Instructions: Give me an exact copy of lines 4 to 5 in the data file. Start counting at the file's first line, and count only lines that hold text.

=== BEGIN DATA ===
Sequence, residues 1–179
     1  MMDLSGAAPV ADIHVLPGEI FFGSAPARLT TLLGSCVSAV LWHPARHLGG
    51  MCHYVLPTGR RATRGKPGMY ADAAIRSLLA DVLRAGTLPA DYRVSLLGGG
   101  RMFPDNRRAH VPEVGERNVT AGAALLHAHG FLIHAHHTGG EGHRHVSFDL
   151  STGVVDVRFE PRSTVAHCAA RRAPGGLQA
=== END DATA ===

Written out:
   101  RMFPDNRRAH VPEVGERNVT AGAALLHAHG FLIHAHHTGG EGHRHVSFDL
   151  STGVVDVRFE PRSTVAHCAA RRAPGGLQA